Retired head of Citigroup John Reed seems to have some misgivings about the repeal of the Glass-Steagall Act of 1932, which his company lobbied to kill in the first place.
In a New York Times letter-to-the-editor, Reed writes:
“Re “Volcker’s Voice, Often Heeded, Fails to Sell a Bank Strategy” (front page, Oct. 21):
As another older banker and one who has experienced both the pre- and post-Glass-Steagall world, I would agree with Paul A. Volcker (and also Mervyn King, governor of the Bank of England) that some kind of separation between institutions that deal primarily in the capital markets and those involved in more traditional deposit-taking and working-capital finance makes sense.
This, in conjunction with more demanding capital requirements, would go a long way toward building a more robust financial sector.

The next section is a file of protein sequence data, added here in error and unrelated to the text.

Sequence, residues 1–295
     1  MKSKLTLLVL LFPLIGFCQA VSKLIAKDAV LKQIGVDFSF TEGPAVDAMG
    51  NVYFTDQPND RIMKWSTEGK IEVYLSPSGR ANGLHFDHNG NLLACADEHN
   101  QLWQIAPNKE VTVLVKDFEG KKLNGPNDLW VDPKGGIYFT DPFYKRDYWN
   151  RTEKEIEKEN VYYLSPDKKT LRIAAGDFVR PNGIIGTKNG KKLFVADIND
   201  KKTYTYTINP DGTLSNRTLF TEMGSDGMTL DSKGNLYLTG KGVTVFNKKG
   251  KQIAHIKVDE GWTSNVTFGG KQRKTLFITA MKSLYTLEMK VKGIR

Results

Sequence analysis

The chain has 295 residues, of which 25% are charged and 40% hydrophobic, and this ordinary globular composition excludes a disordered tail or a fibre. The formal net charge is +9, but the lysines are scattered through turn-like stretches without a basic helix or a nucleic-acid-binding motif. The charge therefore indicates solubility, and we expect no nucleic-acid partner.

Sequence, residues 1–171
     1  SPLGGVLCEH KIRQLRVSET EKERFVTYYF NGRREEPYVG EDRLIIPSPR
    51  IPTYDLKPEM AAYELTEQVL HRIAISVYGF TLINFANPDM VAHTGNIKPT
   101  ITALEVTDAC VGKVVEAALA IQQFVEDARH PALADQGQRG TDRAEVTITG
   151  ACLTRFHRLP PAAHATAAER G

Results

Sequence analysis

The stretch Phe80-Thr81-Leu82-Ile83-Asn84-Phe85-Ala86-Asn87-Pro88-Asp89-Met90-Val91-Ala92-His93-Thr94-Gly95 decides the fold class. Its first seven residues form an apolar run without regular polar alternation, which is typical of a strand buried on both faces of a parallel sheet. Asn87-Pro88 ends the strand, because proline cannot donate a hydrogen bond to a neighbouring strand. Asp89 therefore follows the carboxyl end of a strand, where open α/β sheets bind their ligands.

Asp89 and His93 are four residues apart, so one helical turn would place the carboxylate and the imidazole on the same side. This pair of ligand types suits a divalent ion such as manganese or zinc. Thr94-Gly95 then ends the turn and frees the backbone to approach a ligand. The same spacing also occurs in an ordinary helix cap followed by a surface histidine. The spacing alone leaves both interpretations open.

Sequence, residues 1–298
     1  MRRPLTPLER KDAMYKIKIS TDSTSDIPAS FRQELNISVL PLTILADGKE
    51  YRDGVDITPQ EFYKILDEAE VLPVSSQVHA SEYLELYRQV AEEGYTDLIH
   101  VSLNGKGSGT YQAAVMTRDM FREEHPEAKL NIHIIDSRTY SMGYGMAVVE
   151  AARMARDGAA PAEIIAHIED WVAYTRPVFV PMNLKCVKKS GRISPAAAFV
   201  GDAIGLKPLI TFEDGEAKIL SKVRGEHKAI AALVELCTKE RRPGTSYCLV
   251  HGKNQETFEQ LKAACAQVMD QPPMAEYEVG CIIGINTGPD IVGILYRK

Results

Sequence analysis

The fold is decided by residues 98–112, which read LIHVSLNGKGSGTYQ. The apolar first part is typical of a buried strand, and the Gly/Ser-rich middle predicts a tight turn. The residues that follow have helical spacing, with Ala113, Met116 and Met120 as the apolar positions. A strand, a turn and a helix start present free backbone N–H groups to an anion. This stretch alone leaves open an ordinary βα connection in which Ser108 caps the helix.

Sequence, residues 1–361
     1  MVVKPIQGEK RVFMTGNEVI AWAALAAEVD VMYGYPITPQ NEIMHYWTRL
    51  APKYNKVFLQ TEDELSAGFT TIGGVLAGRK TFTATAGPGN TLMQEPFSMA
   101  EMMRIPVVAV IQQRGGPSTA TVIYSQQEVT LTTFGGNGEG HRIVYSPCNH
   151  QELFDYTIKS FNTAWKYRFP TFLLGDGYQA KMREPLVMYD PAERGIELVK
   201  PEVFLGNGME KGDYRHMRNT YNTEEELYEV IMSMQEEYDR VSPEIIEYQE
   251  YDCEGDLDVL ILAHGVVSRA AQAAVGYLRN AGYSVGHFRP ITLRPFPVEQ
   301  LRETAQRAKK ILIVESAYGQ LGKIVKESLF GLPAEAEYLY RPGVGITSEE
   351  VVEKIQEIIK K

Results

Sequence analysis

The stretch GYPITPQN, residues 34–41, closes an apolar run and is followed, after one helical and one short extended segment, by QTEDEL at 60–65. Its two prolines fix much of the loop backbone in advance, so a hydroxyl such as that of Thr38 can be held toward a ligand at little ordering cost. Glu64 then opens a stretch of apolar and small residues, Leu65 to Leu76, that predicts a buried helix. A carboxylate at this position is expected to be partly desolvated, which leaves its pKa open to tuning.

John S. Reed
New York, Oct. 21, 2009
It’s a bit of an ironic epistle considering Glass-Steagall’s dissipation made possible the merger between Citicorp and Citibank with Travelers Group, combining commercial banking with investment banking and insurance, and facilitating the sub-prime bubble and eventual collapse.
To be fair, Reed was ousted in a boardroom coup before the really bad stuff started to happen, as he would have been an impediment to it, but he’s still invited the vampire into the house.
For more on Glass-Steagall’s role in ushering in the Great Recession, check out our post “Blame The Subprime Meltdown On The Repeal Of Glass-Steagall.”